Concise Dictionary of Proper Names and Notable Matters in the Works of Dante

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in the poetical correspondence between D. and G. del Virgilio as Muso Phrygius, Ecl. R. 88. [Muso.]

Mutinenses, inhabitants of Modena (the Roman Mutina); their dialect and that of Ferrara have contributed to the Bolognese dialect a certain shrillness, characteristic of the Lombard dialects; this characteristic the reason why there have been no Modenese poets, V. E. i. 153-22. [Modena.]

Mutius. [Muzio.]

Muzio, Caius Mucius Scaevola, Roman citizen, who, when Lars Porsena, King of Clusium, was besieging Rome, made his way into the enemy's camp with the intention of killing Porsena, but stabbed the king's secretary by mistake. Being seized, Mucius was ordered by the king to be burned alive, whereupon he thrust his right hand into the fire, and held it in the flames without flinching. Porsena, struck with admiration at his fortitude, ordered him to be set free. From the circumstance of the loss of his right hand Mucius was thenceforward known as Scaevola ('left-handed').

D. mentions Mucius in connexion with this incident, Muzio, Par. iv. 84; Conv. iv. 5115-18; and, with a reference to Livy (ii. 12) as his authority, Mucius, Mon. ii. 5121-7.

Myrrha. [ Mirra.]


N

Nabuccodonosor, Nebuchadnezzar, King of Babylon, B.C. 604- 561; mentioned in connexion with Daniel's interpretation of his dream, which he had forgotten, whereby the execution of the Babylonian wise men was stayed ( Dan. ii. 1-30), Par. iv. 13-15; and again in the same connexion (with especial reference to Dan. ii. 3), Nabuchodonosor, Epist. x. 28560. [ Daniello.]

Nabuchodonosor. [ Nabuccodonosor.]

Naiade, Naiads or fresh-water nymphs; D., following a corrupt reading of a passage in Ovid ( Metam. vii. 759-760), implies that the riddle of the Sphinx was solved by the Naiads (instead of by Laiades, i. e. Oedipus, son of Laius), Purg. xxxiii. 49-51 [Edipo: Sfinge: Temi]; D. speaks of Bologna under the guise of a nymph of the river Reno, Naias, Ecl. ii. 85. [ Reno2.] Naias. [Naiade.]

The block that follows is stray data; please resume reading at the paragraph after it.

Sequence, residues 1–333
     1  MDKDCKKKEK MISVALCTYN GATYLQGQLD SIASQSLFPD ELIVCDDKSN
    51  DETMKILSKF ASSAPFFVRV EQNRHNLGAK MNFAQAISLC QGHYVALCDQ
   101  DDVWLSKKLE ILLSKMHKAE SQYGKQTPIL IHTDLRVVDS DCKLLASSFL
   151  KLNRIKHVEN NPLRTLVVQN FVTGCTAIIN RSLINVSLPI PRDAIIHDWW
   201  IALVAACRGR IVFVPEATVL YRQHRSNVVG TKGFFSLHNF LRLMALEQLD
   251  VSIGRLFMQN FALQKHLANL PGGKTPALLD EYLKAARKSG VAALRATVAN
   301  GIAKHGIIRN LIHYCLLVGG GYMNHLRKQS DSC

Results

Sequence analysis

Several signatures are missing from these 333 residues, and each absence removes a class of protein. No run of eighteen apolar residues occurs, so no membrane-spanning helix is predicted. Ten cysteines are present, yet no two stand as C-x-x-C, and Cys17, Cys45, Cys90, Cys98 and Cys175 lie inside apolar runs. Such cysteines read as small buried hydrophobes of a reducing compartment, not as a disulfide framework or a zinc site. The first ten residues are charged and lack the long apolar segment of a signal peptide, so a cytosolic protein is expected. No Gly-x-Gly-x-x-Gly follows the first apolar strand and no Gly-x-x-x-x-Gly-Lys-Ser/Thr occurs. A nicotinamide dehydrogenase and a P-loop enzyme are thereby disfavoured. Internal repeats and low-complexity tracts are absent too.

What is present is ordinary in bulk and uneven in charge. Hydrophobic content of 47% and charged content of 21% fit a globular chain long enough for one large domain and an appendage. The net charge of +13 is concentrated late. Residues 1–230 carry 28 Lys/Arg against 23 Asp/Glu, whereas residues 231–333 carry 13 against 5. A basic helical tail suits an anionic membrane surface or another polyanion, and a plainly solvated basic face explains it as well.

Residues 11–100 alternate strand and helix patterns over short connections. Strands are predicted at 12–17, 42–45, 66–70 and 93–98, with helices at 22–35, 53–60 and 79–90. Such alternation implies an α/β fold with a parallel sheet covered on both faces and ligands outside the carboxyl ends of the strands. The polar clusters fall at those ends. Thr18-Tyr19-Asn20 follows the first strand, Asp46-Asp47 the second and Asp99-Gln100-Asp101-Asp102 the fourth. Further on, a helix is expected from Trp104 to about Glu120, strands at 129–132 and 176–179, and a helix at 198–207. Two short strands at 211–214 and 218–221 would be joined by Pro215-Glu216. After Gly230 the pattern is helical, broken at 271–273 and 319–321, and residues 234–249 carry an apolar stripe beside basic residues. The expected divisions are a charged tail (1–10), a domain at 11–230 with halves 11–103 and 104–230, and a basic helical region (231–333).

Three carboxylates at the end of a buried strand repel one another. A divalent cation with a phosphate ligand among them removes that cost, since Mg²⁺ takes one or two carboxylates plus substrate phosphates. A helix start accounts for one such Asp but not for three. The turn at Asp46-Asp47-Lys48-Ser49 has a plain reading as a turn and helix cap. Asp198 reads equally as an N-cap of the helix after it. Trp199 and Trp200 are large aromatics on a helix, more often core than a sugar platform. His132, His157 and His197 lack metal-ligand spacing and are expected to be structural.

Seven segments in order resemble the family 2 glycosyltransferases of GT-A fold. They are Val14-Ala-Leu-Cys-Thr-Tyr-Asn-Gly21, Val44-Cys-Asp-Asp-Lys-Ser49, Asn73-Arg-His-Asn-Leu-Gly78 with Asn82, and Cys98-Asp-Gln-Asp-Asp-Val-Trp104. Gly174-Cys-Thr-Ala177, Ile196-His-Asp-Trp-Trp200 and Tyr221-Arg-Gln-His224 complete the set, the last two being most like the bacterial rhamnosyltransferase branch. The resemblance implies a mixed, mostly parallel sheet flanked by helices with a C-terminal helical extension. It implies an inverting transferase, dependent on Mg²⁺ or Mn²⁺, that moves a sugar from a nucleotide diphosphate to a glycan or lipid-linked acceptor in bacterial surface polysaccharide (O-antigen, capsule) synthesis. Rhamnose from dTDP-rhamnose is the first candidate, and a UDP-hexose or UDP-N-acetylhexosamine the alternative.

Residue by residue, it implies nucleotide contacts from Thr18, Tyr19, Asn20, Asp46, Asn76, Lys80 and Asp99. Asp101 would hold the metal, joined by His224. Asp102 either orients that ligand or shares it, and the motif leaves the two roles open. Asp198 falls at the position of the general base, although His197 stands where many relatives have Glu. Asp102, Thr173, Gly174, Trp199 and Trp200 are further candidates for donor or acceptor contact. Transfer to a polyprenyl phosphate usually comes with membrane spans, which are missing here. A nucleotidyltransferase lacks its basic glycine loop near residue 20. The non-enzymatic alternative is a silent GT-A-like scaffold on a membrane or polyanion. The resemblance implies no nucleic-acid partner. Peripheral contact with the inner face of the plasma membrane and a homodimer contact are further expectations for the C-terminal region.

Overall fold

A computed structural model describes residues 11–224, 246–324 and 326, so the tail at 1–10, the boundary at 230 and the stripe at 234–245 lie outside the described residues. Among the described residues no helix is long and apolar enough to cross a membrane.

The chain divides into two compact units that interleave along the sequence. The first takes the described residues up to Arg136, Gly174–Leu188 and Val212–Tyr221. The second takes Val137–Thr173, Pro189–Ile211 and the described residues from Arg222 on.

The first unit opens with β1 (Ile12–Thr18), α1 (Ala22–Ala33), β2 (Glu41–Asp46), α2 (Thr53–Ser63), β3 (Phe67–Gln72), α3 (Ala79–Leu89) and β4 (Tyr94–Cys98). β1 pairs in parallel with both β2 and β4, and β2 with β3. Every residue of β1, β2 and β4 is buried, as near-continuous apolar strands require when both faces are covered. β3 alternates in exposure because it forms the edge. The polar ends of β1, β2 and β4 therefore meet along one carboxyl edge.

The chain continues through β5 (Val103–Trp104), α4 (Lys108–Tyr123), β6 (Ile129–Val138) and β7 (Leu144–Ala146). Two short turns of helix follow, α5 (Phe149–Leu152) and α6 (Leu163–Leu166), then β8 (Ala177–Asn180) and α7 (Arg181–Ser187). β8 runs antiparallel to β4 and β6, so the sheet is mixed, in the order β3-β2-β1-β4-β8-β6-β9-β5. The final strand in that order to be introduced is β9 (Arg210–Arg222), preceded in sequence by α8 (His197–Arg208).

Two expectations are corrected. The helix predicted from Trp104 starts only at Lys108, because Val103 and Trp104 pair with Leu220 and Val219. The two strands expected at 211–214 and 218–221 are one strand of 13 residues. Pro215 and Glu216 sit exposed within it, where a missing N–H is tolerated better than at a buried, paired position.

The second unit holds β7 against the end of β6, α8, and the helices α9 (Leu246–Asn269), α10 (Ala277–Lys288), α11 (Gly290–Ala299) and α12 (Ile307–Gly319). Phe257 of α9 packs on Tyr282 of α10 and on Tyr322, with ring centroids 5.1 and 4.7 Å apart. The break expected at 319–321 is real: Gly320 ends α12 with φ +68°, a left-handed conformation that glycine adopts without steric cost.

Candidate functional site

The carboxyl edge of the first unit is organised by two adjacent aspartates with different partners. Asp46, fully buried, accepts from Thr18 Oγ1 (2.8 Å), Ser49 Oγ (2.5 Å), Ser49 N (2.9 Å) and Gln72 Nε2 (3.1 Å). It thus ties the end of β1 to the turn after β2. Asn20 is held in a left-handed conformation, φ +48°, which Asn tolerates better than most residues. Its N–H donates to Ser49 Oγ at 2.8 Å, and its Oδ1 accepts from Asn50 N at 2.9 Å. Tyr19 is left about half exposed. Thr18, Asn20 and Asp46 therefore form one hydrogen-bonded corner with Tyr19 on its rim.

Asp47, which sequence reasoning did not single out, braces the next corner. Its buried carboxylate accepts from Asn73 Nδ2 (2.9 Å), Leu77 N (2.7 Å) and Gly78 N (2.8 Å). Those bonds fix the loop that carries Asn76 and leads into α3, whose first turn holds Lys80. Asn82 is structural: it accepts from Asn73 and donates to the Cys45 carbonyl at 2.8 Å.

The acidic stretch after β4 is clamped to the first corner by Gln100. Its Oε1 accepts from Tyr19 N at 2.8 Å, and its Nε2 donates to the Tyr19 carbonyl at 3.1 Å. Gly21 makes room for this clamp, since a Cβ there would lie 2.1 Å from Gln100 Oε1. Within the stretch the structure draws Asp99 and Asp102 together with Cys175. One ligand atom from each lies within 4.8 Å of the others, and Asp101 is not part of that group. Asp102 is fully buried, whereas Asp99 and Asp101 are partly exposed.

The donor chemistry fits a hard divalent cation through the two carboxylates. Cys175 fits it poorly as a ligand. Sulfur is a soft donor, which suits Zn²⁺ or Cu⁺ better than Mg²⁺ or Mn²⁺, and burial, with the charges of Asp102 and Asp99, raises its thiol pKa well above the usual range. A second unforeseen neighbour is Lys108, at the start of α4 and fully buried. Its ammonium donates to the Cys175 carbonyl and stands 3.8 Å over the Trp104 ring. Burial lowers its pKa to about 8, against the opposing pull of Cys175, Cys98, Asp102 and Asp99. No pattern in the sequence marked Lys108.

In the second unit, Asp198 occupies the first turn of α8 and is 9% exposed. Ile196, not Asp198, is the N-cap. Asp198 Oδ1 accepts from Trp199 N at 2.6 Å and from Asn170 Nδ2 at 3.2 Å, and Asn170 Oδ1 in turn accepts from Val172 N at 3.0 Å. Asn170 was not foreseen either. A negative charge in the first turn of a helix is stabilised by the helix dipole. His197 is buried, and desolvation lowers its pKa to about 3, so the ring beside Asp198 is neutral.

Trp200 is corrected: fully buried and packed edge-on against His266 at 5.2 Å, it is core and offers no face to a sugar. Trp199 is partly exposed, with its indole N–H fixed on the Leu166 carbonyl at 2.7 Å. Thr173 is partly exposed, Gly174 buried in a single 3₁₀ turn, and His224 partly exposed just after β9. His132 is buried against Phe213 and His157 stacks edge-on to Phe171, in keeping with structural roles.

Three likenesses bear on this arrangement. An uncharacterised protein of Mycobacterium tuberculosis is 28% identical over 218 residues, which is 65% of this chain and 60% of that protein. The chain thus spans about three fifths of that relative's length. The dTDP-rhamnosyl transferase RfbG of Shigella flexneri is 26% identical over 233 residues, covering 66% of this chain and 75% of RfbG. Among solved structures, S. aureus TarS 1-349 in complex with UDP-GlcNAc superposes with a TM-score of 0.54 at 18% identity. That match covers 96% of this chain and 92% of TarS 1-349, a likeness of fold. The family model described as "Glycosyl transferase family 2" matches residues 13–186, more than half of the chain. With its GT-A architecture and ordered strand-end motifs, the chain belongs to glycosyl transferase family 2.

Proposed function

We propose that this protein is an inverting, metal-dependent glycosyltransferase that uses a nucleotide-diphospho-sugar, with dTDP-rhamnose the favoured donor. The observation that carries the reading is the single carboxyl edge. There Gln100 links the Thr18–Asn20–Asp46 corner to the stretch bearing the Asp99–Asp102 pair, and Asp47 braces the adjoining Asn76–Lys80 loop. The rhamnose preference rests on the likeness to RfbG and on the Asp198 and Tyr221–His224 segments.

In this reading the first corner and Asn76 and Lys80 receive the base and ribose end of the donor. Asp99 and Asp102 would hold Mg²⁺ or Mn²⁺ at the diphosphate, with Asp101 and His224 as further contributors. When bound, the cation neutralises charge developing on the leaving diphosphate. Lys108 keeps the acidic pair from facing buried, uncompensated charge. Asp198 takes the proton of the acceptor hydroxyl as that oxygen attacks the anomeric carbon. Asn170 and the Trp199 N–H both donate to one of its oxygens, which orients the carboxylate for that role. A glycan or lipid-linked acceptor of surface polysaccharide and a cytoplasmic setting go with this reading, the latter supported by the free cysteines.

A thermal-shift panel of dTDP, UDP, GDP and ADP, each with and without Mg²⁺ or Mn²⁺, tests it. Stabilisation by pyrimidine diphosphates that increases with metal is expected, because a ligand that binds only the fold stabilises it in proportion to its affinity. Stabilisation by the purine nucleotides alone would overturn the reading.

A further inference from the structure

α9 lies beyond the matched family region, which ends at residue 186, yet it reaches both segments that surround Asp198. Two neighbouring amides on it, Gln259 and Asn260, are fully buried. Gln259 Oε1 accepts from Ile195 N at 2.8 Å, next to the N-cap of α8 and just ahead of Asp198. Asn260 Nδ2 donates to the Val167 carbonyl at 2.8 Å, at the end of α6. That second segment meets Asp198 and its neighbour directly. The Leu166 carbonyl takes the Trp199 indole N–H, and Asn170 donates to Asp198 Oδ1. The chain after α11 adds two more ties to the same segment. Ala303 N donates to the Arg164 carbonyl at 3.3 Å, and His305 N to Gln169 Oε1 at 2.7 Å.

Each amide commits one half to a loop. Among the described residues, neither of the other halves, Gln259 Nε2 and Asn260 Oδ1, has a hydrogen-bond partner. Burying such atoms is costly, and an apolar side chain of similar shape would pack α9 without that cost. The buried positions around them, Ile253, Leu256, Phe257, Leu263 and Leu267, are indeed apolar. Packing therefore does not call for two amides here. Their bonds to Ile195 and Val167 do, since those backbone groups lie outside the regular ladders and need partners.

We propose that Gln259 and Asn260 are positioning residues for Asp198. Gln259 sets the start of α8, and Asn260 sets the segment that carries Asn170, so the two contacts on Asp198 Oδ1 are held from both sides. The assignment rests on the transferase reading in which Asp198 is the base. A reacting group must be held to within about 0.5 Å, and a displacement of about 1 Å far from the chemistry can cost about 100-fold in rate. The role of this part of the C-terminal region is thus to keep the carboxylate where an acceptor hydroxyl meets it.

Namericus de Belnui, Aimeric de Belenoi, a troubadour (fl. c. 1250), native of Lesparre in the Bordelais. He was a nephew of Peire de Corbiac, and was at first a cleric, but subsequently adopted the profession of troubadour. His poems were chiefly amatory. His chief patrons were Raymond VI, Count of Toulouse ( 1194-1222), and Nunyo Sanchez, Count of Roussillon, on whose death (in 1241) he wrote a touching ' "Complaint"'.

D. mentions A. twice, and quotes the first line of his poem, ' Nuls hom

-382-

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Concise Dictionary of Proper Names and Notable Matters in the Works of Dante
Table of contents

Table of contents

  • Title Page iii
  • Preface v
  • Contents vii
  • List of Abbreviations viii
  • A 1
  • B 62
  • C 99
  • D 172
  • E 199
  • F 218
  • G 248
  • H 291
  • I 293
  • J 309
  • L 318
  • M 343
  • N 382
  • O 391
  • P 401
  • Q 445
  • R 446
  • S 468
  • T 506
  • U 533
  • V 542
  • X 555
  • Z 555
  • Tables 557
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